Unless you’ve been in a coma for the past twenty years, you know that we now live in a data-driven age. Statistics, trends, and other helpful information are critical in every field, from professional sports to finance to medicine. Health informatics and analytics have evolved, creating new jobs such as healthcare technicians and health data scientists, even though there is some debate within the industry and academia regarding exactly how the two disciplines differ.
How Do Health Informatics and Analytics Differ?
According to AHIMA, the American Health Information Management Association, informatics and analytics combine to help healthcare firms better manage and interpret data to provide higher-quality care. AHIMA defines data analytics literally as the analysis of data. The umbrella organization is more ambiguous with informatics, however, leaving each member organization to view the term according to their preferred use of data. Ultimately, analytics can be viewed as collecting and cataloging information, whereas informatics is the implementation of that sifted, sorted data.
What Is Health Informatics?
Respected data scientist, Doctor of Public Health, and professor of health science at New York City College of Technology Angela Laurio defines health informatics as the application of analyzed data to produce effective healthcare IT solutions. Proper integration and implementation aid project management. It also documents and illustrates workflows while acting as a link between developers and users.
While trained in different technologies, such as electronic health records or web-based apps, informaticists can work in either area and specialize in various disciplines of clinical medicine, biological, regulatory, and social health fields.
What Is Data Analytics?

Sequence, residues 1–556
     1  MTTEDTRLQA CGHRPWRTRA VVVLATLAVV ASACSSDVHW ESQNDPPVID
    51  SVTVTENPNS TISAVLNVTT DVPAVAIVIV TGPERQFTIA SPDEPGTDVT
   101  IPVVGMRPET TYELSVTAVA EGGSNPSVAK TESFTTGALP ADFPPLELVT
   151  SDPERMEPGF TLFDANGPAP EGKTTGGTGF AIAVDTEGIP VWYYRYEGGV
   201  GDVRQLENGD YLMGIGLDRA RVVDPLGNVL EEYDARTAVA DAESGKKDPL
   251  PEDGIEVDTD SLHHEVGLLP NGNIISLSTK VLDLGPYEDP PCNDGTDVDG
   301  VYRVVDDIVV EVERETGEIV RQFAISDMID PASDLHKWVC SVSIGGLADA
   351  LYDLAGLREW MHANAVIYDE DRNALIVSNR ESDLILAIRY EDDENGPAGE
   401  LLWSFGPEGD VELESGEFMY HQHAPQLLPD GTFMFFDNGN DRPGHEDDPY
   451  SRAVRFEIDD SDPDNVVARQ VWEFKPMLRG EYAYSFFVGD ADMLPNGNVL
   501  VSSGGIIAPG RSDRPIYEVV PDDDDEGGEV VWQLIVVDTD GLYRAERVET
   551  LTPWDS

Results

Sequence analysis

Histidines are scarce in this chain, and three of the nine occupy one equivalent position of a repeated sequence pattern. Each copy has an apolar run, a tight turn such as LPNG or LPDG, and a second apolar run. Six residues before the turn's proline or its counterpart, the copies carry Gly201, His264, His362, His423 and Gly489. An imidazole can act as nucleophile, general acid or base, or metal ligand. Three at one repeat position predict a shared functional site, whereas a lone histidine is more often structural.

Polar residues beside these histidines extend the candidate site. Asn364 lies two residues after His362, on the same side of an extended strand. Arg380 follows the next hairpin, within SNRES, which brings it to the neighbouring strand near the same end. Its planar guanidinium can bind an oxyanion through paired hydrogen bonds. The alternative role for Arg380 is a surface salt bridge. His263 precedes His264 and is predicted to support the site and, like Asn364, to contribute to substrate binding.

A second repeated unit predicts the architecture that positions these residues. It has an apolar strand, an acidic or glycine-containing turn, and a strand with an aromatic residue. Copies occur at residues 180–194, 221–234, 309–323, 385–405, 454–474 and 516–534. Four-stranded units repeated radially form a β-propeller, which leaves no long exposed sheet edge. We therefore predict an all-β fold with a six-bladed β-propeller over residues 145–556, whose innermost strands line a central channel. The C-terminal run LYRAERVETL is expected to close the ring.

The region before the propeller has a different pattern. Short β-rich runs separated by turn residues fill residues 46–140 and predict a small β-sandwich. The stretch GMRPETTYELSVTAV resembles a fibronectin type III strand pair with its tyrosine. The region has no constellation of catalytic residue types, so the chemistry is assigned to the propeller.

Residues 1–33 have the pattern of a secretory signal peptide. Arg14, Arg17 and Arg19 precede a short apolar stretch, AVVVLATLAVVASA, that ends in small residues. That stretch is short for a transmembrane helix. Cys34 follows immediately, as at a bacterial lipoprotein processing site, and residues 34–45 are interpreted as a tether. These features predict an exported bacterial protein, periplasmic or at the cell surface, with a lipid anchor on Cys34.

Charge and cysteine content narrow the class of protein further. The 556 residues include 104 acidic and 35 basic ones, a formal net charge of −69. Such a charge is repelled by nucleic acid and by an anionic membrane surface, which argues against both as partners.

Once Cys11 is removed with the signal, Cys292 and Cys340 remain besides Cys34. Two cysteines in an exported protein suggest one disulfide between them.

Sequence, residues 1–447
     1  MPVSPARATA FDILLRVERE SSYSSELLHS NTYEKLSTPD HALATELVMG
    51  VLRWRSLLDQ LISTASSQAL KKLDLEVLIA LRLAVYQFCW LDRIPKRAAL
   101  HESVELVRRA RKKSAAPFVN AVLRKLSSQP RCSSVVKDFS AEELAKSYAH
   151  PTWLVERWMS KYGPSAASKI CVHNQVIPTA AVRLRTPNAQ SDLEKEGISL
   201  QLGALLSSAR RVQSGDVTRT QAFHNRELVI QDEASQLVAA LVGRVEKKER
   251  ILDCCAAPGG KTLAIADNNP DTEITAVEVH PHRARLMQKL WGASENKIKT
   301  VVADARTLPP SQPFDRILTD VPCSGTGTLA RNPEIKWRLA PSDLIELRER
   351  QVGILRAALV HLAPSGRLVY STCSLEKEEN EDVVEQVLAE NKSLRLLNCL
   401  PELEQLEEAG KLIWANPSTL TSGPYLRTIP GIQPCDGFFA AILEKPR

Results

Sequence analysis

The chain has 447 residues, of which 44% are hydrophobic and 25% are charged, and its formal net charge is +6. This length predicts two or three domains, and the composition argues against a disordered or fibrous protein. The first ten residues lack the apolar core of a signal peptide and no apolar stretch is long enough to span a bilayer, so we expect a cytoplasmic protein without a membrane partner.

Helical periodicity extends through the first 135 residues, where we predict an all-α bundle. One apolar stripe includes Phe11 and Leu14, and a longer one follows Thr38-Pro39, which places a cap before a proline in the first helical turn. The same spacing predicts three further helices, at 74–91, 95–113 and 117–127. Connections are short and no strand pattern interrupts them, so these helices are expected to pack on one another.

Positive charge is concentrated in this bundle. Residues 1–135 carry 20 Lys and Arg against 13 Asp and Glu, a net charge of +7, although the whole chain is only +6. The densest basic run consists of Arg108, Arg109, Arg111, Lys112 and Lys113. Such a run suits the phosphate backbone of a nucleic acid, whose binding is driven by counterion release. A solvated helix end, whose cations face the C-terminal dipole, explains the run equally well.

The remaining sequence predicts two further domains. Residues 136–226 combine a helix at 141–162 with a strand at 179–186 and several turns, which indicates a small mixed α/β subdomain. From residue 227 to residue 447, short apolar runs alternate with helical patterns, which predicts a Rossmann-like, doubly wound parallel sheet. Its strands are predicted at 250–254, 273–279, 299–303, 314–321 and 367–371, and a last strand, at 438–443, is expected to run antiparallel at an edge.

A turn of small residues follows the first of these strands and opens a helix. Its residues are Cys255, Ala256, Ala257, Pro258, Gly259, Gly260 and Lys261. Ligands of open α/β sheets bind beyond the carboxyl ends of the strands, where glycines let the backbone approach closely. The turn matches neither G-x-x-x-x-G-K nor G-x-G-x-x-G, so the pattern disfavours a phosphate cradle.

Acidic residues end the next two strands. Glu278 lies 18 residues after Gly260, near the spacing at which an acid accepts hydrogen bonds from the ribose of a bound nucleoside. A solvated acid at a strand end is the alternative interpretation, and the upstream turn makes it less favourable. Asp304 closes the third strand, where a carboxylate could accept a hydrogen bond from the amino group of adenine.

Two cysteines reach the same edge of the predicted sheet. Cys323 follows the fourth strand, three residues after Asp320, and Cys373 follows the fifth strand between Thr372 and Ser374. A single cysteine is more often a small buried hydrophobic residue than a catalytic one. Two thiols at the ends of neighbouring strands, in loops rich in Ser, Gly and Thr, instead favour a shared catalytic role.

Dr. Laurio agrees with AHIMA on the definition of data analytics but dives a little deeper. As well as collecting and cataloging descriptive and inferential statistics, Dr. Laurio believes the analyst can also develop predictive models and forecasting to better position their agency or firm to deal with evolving trends.
Jonathan Mack, Director of Healthcare and Nursing Informatics at the University of San Diego, points out how data analytics makes healthcare more cost-effective by streamlining supply chains, optimizing staff scheduling, and reducing fraud. He also emphasizes the effect data analysis has had in various fields, enabling epidemiologists to better recognize and anticipate potential outbreaks, speed up clinical trials to bring critical new drugs online sooner, and make inroads in genomics and the links between people’s environment and health.
How Does Healthcare Analytics Improve Patient Care?
The collection and analysis of healthcare data aid medical professionals in diagnosing and combatting disease on several fronts:
The use of artificial intelligence to analyze mountains of data to reduce waiting times for patients taking COVID tests by as much as 86%.
Post-Traumatic Stress Disorder Diagnosis
PTSD afflicts many veterans returning from combat duty overseas, as well as police, firefighters, and professionals in other stressful fields. Data analysis helped develop more effective questionnaires to achieve a 90% accuracy rate in diagnosing the condition, enabling sufferers to receive treatment sooner.
Data analysis provides doctors with informational tools that aid in developing treatment strategies and reducing repeat emergency room visits.
The skills of analyzing data and applying the information it reveals are revolutionizing healthcare in the United States. Analysts and informaticists are making doctors’ and nurses’ jobs easier and, in turn, improving patients’ quality of life. While the two fields are indeed different and still evolving, they are integral to the health and well-being of every American.